Mounting pressure on White House to sanction Egyptian military

WASHINGTON -- The Obama administration faces mounting pressure to sanction the Egyptian military for its violent crackdown on opponents, even though officials refrained from any punitive action Wednesday.

As the Egyptian government declared emergency law and its security forces killed dozens of Islamist protesters, U.S. officials condemned the actions and said they were weighing whether to call off a large-scale joint military exercise or cut $1.5 billion in aid.

Secretary of State John F. Kerry, in a brief appearance Wednesday afternoon at the State Department, said the violence was “deplorable” and stressed the administration’s opposition to the imposition of emergency law.

But the administration also made clear it was deeply reluctant to move too forcefully against the military government that took power last month, fearing that such an action could jeopardize U.S. security interests in the region and diminish what limited leverage Washington has.

U.S. officials have been trying to avoid taking sides with either the military or the elected Islamist government that was ousted last month, as the Obama administration has sought to avoid perceptions that it is interfering in Egyptian politics for its own ends.

“This is complicated — it’s not black and white,” Jen Psaki, a State Department spokeswoman, told reporters.

But the escalating violence, and other signs that the military is not planning a restoration of democracy, are sure to bring pressure for the administration to distance itself from the generals, said U.S. officials and private analysts.

Daniel Kurtzer, a former U.S. ambassador to Egypt, said that only a few weeks ago, calls for cutting off U.S. aid were limited on Capitol Hill and the administration was “in a pretty comfortable position” in its desire to continue the flow of assistance.

But if the military sticks to its current course, “the pressure’s going to grow, making it very hard for the administration to continue as it has been,” said Kurtzer, who is now with the Woodrow Wilson School at Princeton University.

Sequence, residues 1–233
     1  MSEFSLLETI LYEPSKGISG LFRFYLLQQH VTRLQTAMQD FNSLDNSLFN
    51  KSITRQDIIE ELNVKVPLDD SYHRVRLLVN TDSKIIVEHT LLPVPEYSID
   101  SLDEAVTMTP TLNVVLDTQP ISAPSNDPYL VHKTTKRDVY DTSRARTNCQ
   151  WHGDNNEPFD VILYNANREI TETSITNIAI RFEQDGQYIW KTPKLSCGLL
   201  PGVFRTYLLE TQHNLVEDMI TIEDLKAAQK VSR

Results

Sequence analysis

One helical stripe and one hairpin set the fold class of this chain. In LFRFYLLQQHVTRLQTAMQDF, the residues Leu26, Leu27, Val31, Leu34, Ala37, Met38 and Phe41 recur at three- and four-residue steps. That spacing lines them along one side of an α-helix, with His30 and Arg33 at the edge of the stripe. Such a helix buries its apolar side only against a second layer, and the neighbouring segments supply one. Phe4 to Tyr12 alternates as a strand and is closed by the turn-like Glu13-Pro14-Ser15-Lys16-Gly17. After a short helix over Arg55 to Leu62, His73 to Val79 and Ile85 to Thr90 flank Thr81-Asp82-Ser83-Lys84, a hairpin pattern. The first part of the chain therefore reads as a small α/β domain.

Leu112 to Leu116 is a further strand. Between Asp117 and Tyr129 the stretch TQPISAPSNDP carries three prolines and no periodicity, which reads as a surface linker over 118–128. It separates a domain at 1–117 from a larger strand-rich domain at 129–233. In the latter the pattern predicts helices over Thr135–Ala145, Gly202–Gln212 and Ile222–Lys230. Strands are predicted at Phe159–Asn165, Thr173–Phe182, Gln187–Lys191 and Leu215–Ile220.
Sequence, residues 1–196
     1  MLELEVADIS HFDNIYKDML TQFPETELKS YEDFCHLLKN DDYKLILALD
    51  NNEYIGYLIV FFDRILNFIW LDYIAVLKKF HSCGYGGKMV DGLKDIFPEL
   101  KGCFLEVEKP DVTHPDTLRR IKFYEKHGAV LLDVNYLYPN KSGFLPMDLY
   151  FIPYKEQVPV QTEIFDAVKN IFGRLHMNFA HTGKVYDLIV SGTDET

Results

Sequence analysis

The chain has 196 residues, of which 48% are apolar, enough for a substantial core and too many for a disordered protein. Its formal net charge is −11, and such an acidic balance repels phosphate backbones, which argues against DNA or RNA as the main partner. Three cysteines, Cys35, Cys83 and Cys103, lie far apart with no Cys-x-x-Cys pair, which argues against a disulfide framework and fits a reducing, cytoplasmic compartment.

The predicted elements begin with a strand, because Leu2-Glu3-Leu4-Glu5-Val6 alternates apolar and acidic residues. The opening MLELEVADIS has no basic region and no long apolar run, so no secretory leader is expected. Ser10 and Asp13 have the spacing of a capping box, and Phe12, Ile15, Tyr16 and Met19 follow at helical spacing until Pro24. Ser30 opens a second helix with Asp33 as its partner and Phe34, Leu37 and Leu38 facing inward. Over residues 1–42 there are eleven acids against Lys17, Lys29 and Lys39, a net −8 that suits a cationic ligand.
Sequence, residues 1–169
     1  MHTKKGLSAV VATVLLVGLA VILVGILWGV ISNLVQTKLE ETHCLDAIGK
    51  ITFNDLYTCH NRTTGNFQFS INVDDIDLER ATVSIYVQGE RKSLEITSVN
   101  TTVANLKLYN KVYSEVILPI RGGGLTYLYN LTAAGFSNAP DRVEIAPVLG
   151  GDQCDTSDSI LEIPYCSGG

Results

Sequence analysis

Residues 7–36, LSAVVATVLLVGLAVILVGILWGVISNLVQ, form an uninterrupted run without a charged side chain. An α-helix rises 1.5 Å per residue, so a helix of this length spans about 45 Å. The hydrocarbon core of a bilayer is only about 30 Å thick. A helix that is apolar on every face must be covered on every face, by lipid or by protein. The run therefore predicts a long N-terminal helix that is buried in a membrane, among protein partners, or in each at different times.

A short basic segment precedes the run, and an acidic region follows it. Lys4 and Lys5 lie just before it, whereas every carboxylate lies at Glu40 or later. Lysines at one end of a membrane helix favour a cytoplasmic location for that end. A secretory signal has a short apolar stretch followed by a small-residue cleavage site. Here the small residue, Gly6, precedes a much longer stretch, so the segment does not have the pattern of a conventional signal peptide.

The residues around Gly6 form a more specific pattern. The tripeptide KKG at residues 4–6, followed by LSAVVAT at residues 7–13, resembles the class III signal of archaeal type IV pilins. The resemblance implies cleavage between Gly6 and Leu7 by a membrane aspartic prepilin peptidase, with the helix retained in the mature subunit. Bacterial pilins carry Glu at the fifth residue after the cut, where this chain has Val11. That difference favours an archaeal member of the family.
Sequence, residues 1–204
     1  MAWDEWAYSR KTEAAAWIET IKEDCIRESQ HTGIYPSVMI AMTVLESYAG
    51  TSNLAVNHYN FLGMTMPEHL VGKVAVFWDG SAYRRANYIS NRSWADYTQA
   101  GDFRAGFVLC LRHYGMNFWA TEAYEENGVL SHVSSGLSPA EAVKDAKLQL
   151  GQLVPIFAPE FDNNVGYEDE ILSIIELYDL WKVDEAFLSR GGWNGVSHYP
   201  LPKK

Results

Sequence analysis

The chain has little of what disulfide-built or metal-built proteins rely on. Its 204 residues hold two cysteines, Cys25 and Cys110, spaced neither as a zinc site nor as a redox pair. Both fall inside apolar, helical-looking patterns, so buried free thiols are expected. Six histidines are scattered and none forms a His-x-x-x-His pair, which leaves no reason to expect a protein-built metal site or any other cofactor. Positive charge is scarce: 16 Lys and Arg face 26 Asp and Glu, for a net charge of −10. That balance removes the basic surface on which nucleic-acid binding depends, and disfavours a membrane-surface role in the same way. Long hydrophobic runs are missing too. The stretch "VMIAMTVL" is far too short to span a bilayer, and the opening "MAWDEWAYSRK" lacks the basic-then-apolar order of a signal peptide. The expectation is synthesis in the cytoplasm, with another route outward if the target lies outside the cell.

“We’re close to a turning point where people around here aren’t going to want to be close to a government that behaves like this,” said a Senate aide who declined to be identified because he was not authorized to speak on the record. “They’re going to want to push back some.”

It will be uncomfortable for the United States to halt the $1.3 billion in annual military aid, partly because the military financing system would badly hurt military contractors, Kurtzer said.

But there are other steps that the administration could take, starting with the cancellation of the Bright Star military exercise with Egypt next month, which aims to demonstrate the countries’ joint capabilities for dealing with security threats in the region. Officials said a cancellation was under discussion, though no  decision had been made.

“That would be a big step,” said Amy Hawthorne, a former State Department Mideast specialist who is now with the Atlantic Council. “It’s important to the military.”

U.S. officials, along with their Western European counterparts, have spent long days in Cairo recently to try to persuade the military not to embark on a crackdown that would drive the Islamist opposition underground and threaten more violent conflict.

Hawthorne argued that the government's reaction to the administration’s approach demonstrates that Washington needs to move more forcefully.

Though administration officials have argued that the United States will preserve influence by maintaining its relationship, “where is that influence?" Hawthorne said. "You can see from the way things have unfolded it’s not there. They’ve basically thumbed their noses at us at every turn.”

The crackdown brought renewed calls for the United States to halt aid, including from Sen. John McCain (R-Ariz.) and Freedom House, a U.S.-funded human rights advocacy group.

The administration should cut aid immediately to show “that there are consequences for the Egyptian military’s unbridled violence against its own people,” said Daniel Calingaert, executive vice president of Freedom House.


Israelis, Palestinians resume peace talks amid secrecy

Europe shows signs of economic recovery amid grown in Eurozone

Violence spreads across Egypt after crackdown on Morsi supporters

Copyright © 2019, Los Angeles Times
EDITION: California | U.S. & World